Comments are Weird
February 11, 2019
20 years ago, blogs were places that developed a community in the comment section. Back then, you would subscribe to your favourite blogs, and aggregate feeds into your own personal news stream.
It hasn’t been that way for a long time. Now, there are two places content like this is discussed:
- Social Media (for programmers, basically twitter)
- Aggregation sites (proggit, hacker news, etc)
I don’t like either of them for different reasons.
Twitter optimizes for the quick share, and the hot take. By definition, it is almost impossible to have a meaningful conversation, just conversations with the appearance of meaning.
There is a weird psudo-reputational competition that goes on in these places. These “communities” are largely about tearing other people down to make yourself appear smart. These sites optimize for this reputational game, which appears to mean something but ultimately doesn’t. That being said, what meaningful discussion occurs has the highest likelyhood of occuring here.
So what about comments?
Comments are just a vestigal remnent of something which has no place in the modern web anymore, for better or worse.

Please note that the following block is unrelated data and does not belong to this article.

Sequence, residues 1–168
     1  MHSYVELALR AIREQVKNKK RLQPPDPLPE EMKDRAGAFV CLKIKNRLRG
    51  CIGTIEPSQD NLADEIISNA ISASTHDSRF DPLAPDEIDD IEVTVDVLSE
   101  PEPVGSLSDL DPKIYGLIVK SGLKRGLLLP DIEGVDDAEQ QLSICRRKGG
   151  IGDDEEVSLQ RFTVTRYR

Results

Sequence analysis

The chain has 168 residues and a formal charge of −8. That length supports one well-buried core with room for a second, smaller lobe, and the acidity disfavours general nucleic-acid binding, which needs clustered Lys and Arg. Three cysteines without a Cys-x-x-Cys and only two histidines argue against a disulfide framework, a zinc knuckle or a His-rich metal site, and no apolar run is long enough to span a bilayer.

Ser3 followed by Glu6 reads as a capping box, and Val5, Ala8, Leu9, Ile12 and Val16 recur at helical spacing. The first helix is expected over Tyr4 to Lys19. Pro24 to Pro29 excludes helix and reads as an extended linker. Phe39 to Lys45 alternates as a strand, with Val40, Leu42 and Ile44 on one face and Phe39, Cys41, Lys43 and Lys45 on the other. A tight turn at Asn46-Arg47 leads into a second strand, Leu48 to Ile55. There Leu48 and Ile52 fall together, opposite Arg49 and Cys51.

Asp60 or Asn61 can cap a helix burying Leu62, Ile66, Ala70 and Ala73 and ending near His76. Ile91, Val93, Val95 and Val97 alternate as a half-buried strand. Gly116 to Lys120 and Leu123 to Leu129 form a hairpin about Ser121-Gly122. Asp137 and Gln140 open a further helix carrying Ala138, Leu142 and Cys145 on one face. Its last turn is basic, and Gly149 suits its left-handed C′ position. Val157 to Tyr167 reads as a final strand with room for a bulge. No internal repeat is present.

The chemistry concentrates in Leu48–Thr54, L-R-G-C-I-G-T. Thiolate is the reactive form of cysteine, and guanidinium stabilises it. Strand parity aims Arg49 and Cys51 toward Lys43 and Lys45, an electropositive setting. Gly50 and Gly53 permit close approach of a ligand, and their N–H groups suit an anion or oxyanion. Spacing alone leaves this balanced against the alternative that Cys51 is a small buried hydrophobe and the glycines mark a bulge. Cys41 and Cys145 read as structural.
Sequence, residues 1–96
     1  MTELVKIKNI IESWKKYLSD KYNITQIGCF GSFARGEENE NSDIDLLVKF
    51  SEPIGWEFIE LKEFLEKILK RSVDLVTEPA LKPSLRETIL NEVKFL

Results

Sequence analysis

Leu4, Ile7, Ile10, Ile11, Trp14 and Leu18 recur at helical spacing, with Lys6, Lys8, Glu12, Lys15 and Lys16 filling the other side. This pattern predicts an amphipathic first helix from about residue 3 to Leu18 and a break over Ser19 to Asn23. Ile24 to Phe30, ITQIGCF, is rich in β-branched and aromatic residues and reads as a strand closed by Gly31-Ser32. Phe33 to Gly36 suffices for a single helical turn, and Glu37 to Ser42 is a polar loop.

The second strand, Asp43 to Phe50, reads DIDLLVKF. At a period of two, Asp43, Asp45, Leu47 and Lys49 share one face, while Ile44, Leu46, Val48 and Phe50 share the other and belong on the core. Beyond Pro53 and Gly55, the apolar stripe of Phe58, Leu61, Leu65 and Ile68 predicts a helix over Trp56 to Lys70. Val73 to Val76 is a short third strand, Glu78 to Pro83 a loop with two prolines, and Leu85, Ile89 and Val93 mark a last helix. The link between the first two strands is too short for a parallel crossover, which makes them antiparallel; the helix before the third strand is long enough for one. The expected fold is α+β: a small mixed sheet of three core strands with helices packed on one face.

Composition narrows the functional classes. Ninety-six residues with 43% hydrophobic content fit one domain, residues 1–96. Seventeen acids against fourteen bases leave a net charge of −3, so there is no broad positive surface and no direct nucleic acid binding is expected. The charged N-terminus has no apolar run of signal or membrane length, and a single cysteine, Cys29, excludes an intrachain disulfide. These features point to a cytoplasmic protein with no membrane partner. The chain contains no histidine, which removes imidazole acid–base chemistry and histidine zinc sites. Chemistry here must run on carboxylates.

If you read something here that made you think, or that you appreciate in some way, I think twitter is great for that sort of content. I am @googleninja (which is a handle I am somewhat embarrased with now, but it is far too late to change).
If you would like to engage in the posturing and pedantic criticsm that programmers love to engage in, Hacker News is probably the best place for it nowadays.
If you have a reasoned response, counter-point, criticsm, or wish to add to what I have written, I would encourage you to write it out yourself in long-form somewhere. Even if it is just a gist, do it in a place that allows you to explore your ideas, and wont be threatening to folks who may be tempted to tear you down in the interest of social capital.
If you take the time to do that (in good faith), I will link to your post in my original piece, and respond accordingingly (if I have a response).
Why am I being such a prima-donna?
I miss writing about coding. But I don’t miss engaging in 99% the discussion that happens afterwards.
Writing can be quite fulfilling, and contributing to the general body of understanding in some small way is something I think we should all be trying to do. This is an experiment in the former, while attempting to opt-out of the part I don’t enjoy.
Matt Briggs thinks about programming.